So for the past few three years I have been working with Sophia Press on what I have termed “Catholic genre fiction”: books written by Catholics for a specifically Catholic readership. This is, by definition, lowbrow fiction, and as Amy has noted (I love when Amy writes on this topic, because she’s so knowledgeable, btw), there used to be lots of it in the past. Some of it is somewhat timeless (Mr. Blue being one example) but most of it does fall by the wayside. That’s okay. A serious writer doesn’t produce a classic by aiming to, but by aiming to please the readers before him in the here and now. And that fiction from the 50’s did please its readership then. It succeeded.
There are many other good comments too, but this one seemed most pertinent to whatever I’m trying to get at.
And then beginning to traipse a little further afield, but still related: Mrs Darwin muses on books for children:
I’ve been looking over the Mass books that Darwin has been researching, and I’m appalled by the amateur and/or saccharine quality of what’s considered acceptable children’s illustrations. The garish, childish pictures in the modern books are certainly different from the anemic blond pansy Christ depicted in children’s devotional works of decades past, but it’s hard to argue that they’re an improvement. There’s always a place for the amateur looking to improve his craft, but the job of teaching a child to appreciate the beauty of the Mass ought not to be compromised by the aggressive childishness in teaching aids.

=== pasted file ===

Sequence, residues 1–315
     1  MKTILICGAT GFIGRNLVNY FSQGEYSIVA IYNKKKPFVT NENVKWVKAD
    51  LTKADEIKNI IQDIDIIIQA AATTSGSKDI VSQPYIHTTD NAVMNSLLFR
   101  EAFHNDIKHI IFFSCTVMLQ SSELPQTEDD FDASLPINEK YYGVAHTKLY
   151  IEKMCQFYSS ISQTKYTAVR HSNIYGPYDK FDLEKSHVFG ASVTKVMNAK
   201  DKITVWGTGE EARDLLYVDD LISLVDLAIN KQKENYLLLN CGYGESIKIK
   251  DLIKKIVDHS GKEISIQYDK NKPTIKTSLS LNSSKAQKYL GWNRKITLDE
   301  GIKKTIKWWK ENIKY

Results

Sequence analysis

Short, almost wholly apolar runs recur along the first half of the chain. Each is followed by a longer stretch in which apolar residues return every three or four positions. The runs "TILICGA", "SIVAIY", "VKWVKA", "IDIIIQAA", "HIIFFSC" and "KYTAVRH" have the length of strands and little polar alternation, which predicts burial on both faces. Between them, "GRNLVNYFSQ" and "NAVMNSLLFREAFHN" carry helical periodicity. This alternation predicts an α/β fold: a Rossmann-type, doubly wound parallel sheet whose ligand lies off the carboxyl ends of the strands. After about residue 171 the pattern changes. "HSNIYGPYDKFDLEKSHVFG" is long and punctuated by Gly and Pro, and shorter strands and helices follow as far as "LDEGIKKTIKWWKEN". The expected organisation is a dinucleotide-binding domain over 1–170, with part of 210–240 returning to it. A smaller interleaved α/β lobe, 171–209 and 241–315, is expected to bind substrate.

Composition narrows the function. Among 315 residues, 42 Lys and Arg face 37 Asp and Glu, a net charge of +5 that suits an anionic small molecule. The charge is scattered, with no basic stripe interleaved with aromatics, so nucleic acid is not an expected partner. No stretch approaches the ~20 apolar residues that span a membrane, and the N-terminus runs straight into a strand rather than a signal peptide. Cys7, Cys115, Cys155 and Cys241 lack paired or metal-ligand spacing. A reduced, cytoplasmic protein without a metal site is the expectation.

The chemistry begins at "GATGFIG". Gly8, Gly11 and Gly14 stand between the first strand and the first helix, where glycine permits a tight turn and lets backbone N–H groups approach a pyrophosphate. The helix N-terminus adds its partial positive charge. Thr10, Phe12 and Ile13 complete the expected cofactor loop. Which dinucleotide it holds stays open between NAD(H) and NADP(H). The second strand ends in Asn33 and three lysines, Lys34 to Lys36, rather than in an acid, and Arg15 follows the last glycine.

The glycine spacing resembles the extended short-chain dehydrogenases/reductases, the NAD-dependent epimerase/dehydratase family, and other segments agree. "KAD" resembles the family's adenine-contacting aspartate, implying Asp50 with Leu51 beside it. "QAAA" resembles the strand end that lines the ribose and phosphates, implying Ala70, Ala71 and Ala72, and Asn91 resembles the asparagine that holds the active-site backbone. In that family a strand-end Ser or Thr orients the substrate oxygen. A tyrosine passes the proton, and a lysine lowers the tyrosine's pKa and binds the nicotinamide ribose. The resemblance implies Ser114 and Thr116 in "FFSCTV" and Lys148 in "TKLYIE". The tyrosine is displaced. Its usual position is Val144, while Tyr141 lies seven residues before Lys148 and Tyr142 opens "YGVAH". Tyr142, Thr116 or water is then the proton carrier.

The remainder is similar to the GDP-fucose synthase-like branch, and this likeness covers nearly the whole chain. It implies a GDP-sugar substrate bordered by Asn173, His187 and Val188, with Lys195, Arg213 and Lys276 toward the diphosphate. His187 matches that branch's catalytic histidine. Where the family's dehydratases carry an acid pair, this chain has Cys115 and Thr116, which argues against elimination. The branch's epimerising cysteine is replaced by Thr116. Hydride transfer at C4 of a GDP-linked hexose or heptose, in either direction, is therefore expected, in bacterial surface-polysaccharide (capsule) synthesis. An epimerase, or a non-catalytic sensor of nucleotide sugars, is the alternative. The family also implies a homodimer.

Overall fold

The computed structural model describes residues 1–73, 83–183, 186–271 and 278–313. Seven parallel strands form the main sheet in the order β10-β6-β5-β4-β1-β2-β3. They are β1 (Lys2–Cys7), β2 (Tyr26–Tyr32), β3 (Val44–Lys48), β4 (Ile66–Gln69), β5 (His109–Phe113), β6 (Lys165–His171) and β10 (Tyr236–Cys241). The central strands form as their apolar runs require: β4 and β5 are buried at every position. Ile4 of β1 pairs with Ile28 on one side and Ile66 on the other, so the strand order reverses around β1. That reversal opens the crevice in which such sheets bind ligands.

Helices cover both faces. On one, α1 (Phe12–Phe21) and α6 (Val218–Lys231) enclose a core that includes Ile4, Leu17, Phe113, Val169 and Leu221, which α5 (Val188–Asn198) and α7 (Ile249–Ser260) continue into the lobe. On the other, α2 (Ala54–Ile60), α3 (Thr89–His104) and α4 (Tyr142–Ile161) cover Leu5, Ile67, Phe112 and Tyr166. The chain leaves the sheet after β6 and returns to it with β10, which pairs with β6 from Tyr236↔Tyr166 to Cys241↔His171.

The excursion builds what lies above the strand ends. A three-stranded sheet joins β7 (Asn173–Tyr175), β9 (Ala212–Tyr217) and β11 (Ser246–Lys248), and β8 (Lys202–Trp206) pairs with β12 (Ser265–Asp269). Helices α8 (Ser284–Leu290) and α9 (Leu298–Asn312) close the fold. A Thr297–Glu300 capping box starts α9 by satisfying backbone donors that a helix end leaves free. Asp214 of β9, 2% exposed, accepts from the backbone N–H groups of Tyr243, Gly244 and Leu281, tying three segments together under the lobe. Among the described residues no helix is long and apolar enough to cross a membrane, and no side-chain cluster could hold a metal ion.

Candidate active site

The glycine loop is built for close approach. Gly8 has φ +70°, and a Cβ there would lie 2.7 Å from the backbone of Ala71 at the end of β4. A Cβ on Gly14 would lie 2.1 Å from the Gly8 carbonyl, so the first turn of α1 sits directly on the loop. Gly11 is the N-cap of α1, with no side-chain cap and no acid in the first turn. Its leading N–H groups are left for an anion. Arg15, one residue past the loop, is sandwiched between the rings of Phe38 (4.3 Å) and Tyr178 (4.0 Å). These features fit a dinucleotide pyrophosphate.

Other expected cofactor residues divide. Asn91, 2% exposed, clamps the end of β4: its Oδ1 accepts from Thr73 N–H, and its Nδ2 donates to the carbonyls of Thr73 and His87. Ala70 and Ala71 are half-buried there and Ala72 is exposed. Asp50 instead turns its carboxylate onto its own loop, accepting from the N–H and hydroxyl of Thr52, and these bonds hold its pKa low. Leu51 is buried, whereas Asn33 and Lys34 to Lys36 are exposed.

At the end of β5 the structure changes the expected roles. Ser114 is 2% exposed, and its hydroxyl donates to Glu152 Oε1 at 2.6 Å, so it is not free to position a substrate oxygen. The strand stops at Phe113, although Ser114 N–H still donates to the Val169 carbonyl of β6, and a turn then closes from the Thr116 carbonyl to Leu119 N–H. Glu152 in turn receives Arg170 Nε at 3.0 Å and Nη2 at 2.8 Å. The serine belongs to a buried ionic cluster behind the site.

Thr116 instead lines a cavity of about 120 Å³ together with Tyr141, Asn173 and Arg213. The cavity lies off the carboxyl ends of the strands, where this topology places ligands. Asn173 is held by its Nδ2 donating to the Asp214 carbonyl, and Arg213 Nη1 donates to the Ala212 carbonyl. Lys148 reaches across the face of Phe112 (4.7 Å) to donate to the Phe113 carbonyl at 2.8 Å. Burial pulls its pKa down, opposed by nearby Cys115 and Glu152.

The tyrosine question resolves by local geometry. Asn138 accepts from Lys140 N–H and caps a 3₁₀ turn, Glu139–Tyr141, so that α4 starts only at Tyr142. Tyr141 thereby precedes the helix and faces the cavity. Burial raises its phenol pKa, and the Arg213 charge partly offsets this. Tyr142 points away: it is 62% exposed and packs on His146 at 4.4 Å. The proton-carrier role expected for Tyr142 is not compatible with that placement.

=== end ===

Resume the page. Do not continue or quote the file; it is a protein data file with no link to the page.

On a positive note, I’ve been delighted by the illustrations in Inos Biffi’s Illustrated Catechism, which seem to take seriously a child’s ability to appreciate what is beautiful. Also, Caryl Houselander’s illustrations in My Path to Heaven are intricate, detailed line drawings that inspire admiration as well as meditation. And the gentle style of Ben Hatke’s artwork in Regina Doman’s Angel in the Waters are elegant in their simplicity.
Certainly, there’s no shortage of ugly artwork in secular books. But Christians seem particularly disposed to excuse mediocrity on the grounds of devotional sincerity.
And though this is not really about fiction, it’s sort of related: Jimmy Akin asks “Why Is Christian Art So Lame These Days?”
And finally, Barbara Nocolosi discusses “our Christian shame which is the whole universe of Christian schlock which has substituted in our generation for the Cathedrals and gorgeous choral music and astounding works of literary and visual art that our ancestors in faith used to bring into the world”:
Rosin is wondering what the sub-popular culture of “Christian” novels and comedians and, I would add, movies, adds to the faith of Christians, or the good of the larger world.
…It’s for us Christians to ask ourselves why we have created a parallel universe. What turned us from being yeast in the lump, into being hoarders of the gifts we were given, fearful and disdainful of the world outside that we were supposed to love and renew?
All of which adds up to… what? It’s late, I’ve lost my train of thought. I’ll try to collect it tomorrow. Meanwhile, in the interest of moving forward and not stagnating, I’ll go ahead and post these half-baked thoughts.